Steve Horton (Satellite FallingAmala’s BladeHere There Be Dragons), the bestselling writer of Bowie: Stardust, Rayguns & Moonage Daydreams, which won two Eisner Awards, is crowdfunding his next project on Zoop. Nine Lives, written by Horton with art, colors, and logo by Chris Peterson (ManticoreMayday, Broken World) and a variant cover by Lee “Moosopp” Tran, is about nine incarnations of the same woman throughout history, each with different magic powers, and a reincarnated killer that targets each of them. The first book in the series is about Cleo, the sixth incarnation, a singer and flapper in 1920s New York with the power to turn water into any type of alcohol that you can think of, and that’s just the beginning of her powers. 

The Nine Lives campaign ends today, so there are only a few hours left to back this comic from an Eisner Award-winning creator on Zoop. Check out the project hereThe Beat spoke with Horton about crowdfunding the project, setting a story during Prohibition, and more.

Rebecca Oliver Kaplan: You’ve previously tried to pitch Nine Lives to multiple comic book publishers. What was behind your decision to use a crowdfunding platform instead?

Steve Horton: I believe in Nine Lives! Comics publishers greenlight an extremely tiny number of new projects each year, even ones produced by established teams. In this particular case, I knew that Chris Peterson and I had a great book on our hands, and I wanted to finish it and help it find an audience.

Kaplan: Why did you choose Zoop instead of one of the other crowdfunding platforms, such as Crowdfundr, Kickstarter, or BackerKit?

Horton: At Kickstarter, I was afraid I’d end up one of those creators that enters into it with the best intentions but are unable to fulfill the books in the end. At Zoop, I was able to concentrate on the creative process, and Zoop handled rewards, social media marketing, e-mail marketing, and fulfillment. Plus, comics get successfully funded on Zoop at a very high rate. Also, the percentage they charge for these services is more than worth it.

Kaplan: What type of research goes into creating a story set during the 1920s prohibition? 

Horton: Prohibition is the setting for issue 1, and we’d love to come back and do more Nine Lives, exploring the other time periods and other versions of Cleo. For this issue, I studied old movies and movie posters set during the time period and did my best to get the fashion and slang correct. It’s a lot of fun.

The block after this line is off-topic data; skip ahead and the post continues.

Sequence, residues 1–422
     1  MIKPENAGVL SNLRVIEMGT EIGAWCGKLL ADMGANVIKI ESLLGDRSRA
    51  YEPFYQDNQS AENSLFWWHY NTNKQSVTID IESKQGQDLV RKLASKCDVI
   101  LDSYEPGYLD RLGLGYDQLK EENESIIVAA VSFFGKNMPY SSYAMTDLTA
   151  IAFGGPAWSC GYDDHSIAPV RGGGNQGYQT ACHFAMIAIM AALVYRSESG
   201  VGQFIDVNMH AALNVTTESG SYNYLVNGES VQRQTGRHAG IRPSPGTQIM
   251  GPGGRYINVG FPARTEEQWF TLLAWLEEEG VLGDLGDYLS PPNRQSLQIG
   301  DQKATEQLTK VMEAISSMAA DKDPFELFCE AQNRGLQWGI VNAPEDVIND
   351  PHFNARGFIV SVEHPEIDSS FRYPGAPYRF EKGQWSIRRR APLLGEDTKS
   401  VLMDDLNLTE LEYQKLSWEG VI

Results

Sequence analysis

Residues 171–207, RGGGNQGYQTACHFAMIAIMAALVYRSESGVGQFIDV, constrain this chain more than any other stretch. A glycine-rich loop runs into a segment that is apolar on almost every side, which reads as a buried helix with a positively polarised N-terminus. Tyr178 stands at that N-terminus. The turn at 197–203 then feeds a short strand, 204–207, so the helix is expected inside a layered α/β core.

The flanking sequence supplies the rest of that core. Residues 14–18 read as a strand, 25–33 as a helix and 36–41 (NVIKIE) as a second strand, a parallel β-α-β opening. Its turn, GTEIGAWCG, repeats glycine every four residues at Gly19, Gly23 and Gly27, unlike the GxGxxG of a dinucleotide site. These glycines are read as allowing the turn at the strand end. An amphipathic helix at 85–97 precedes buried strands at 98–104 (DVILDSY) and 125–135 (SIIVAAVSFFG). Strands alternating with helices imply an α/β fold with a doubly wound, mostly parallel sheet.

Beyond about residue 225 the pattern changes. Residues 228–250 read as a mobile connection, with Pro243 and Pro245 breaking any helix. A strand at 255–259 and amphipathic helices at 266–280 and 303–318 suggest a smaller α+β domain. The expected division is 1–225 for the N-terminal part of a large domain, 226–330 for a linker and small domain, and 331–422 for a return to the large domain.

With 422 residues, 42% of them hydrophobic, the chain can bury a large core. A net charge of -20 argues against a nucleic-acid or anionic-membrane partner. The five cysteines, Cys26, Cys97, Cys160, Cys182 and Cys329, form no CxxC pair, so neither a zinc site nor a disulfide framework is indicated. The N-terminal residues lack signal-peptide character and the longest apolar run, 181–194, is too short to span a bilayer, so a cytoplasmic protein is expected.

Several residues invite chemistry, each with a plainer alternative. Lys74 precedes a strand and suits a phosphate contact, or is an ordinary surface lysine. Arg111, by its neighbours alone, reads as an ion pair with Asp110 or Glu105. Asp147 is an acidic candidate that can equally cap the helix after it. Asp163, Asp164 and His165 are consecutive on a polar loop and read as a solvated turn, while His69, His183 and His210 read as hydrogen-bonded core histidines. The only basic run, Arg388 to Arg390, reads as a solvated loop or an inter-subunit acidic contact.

Kaplan: What’s your collaborative process with artist Chris Peterson?

Horton: Chris is great to work with. He’s drama-free. He likes to work with full script, so I provide traditional, panel-by-panel scripts, and he comes up with his amazing art and interesting minimalist color approach.

Kaplan: What was the inspiration for the limited color palette?

Horton: Not a lot of books are colored this way, and it fits the style of the book very well. I really like how it looks. I’ve always been a fan of flat color with minimal shading on the right project.

Kaplan: I can’t help but notice that you’re an ailurophile (you have three adorable furs). Other than the comic’s name, Nine Lives, did they inspire any part of the story?

Horton: What?! Fur coats? That’s so cruel! I … oh, you mean CATS. Yes, if and when we get to travel back to ancient Egypt, cats will play a significant role there, and I’m sure Whiskers, Tony, and Nala will make an appearance!

Kaplan: How did you move from working in editorial at newspapers to writing comics?

Horton: I interned at Comics Buyer’s Guide all the way back in 2001, and it inspired my love of comics. I began writing my own shortly after, starting with webcomics, getting a lucky break at DC and Image, then publishing books at Dark Horse, IDW, Insight, Webtoon, and now on my own with the help of Zoop.

Kaplan: Is there anything else you want to include?

Horton: Alongside my self-published comics, I do have one or more music books in the works as a follow-up on Bowie.  I can’t say what the subjects are yet, but I guarantee you’ll be surprised! I know I was.

Nine Lives won’t be funding on Zoop for much longer, so check it out now!